Gray then proceeds to counter another famous position of Hayek’s: his contention that the primary cause of the Great Depression in the 1930s was the serious monetary expansion undertaken by the central banks (specifically in the United States) in the years prior, a position that marks one of the main and starkest differences between his economic paradigm and Keynes’s. According to Gray, however, “There were booms and busts long before the emergence of modern central banking.” (This argument is part of his claim that the market lacks a self-regulatory mechanism.)

Gray needs to review his history.

Hayek’s theory, adapted from his mentor Ludwig von Mises, tells us the following: when the state, through a specific central-bank policy, causes an increase in the money supply, this monetary inflation leads to unsustainable production booms and the formation of speculative bubbles that are doomed to burst sooner or later.

Gray’s claim that we know of speculative market bubbles from before the dawn of central banking is false. The earliest speculative bubbles are “tulip mania” in 17th-century Holland and the South Sea Company and Mississippi Company bubbles in the early 18th. All three conform to Hayek’s theory.

Each of these early speculative bubbles was preceded by

  1. the creation of a central bank in the particular country, and
  2. a serious expansion of the money supply through a targeted government policy just prior to their bursting.

Gray should review the histories of the Bank of Amsterdam, founded in 1609; the Bank of England, in 1694; and France’s Banque Royale in 1718. (See also the work of Selgin and White on boom and bust banking.)

Hayek versus Keynes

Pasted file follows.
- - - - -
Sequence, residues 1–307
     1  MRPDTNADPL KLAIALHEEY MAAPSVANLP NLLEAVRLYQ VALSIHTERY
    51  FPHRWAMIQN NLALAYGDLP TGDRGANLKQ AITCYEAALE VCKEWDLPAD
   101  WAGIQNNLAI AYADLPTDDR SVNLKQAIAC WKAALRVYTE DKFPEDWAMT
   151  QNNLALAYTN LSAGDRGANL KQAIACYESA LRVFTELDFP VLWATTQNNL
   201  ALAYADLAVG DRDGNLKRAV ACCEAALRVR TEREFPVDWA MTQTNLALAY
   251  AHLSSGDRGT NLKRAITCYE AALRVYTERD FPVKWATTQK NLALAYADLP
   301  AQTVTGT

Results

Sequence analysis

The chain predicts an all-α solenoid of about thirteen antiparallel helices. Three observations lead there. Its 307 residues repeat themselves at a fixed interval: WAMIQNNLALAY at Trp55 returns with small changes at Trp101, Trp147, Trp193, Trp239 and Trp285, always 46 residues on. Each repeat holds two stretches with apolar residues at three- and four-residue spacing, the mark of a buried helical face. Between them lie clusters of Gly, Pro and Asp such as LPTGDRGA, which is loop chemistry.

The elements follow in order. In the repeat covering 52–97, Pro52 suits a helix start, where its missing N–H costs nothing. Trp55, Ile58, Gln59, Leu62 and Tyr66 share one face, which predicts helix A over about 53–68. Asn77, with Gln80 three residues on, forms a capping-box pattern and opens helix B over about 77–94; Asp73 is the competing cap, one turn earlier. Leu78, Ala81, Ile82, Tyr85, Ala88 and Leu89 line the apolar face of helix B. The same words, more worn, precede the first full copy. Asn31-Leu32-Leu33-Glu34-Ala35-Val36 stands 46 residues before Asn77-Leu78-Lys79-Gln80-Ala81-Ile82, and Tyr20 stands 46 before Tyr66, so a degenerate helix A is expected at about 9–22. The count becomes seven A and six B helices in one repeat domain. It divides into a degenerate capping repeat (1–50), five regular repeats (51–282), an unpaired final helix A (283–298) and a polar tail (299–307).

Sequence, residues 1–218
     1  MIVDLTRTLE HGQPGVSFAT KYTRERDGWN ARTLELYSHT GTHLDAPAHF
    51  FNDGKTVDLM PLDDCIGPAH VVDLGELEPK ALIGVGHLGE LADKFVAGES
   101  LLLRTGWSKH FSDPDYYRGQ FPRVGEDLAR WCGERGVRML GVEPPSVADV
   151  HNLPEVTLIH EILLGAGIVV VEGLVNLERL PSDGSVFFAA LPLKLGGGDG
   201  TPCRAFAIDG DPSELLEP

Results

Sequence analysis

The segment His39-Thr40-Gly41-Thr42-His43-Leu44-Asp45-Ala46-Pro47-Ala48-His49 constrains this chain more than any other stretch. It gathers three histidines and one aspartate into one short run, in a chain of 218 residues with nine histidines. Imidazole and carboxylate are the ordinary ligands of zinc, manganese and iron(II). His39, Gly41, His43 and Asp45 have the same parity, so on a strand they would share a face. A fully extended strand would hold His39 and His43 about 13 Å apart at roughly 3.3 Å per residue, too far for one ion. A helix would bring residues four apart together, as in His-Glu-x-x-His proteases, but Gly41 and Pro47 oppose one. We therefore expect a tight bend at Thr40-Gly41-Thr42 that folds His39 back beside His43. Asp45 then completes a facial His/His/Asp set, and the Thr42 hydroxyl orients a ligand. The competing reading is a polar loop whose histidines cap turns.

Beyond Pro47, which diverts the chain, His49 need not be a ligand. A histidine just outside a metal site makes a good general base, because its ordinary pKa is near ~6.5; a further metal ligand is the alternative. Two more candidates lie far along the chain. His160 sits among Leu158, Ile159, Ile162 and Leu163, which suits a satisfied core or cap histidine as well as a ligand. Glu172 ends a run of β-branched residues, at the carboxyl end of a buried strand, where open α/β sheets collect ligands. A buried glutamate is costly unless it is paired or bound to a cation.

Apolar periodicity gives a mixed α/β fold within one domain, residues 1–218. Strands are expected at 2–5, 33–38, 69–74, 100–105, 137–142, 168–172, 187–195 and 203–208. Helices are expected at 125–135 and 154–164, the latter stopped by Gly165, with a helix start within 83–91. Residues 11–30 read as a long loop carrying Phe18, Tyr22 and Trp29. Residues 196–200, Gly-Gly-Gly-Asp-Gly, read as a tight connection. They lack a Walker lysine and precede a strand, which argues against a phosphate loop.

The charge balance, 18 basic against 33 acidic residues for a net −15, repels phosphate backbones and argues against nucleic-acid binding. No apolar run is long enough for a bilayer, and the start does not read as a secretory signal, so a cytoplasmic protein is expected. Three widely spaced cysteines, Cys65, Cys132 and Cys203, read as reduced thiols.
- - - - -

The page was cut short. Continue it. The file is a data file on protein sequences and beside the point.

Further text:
After his critique of Hayek’s primary economic theories, Gray attempts to paint Keynes in a much brighter light, as an economist who was more precise and fundamentally correct in his analysis of socioeconomic realities.

According to Gray, Keynes’s practical experience as an investor and speculator on the stock market gave him the edge over Hayek. Keynes, he says, “understood — in a way that the inveterately professorial Hayek did not — the ineradicable uncertainty of economic life.”

Why, then, was it Hayek, and not Keynes, who in February 1929 predicted the coming market crash? (Meanwhile, Keynes was telling the Swiss banker Felix Somary that “there will be no more crashes in our lifetime.”)

Gray contends that Hayek’s policies, had they been implemented during either the Great Depression or the so-called “stagflation” of the 1970s, would have had disastrous effects on the economy.

Because no government ever did follow Hayek’s recommendations, we are left with economic theory to argue for or against Gray’s contention. Keynes’s policies, however, can be studied as part of economic history.

As an economic doctrine, Keynesianism had reached its peak popularity in the United Kingdom and the United States in the period immediately after World War II. In the 1950s and ‘60s, the British government almost exclusively followed orthodox Keynesian policy recommendations, which led to the infamous stagflation during which high levels of unemployment accompanied high levels of inflation — an impossible combination, according to Keynes.

The worldwide consensus among economists now is that the crisis was caused by the continuous “stimulation” of the economy through high government spending, chronic deficits, and an ever-expanding money supply.

Orthodox Keynesianism was discredited, which allowed more free-market oriented economists, such as the Chicago school’s Milton Friedman, to gain some prominence and a wider audience for their policy recommendations. These recommendations were eventually adopted, at least partially, by Ronald Reagan and Margaret Thatcher.

For some reason, Gray ignores this history.

Gray’s Criticisms Crumble under Scrutiny

While it is true that Keynes attracted more adherents among both economists and policy makers, it is far from clear that Hayek somehow “lost” his debate with Keynes.

The picture John Gray paints of Friedrich Hayek misrepresents Hayek’s legacy, ignores his actual scholarship, and distorts reality.

  • Georgi Vuldzhev is a student and an intern at the Institute for Market Economics in Sofia, Bulgaria.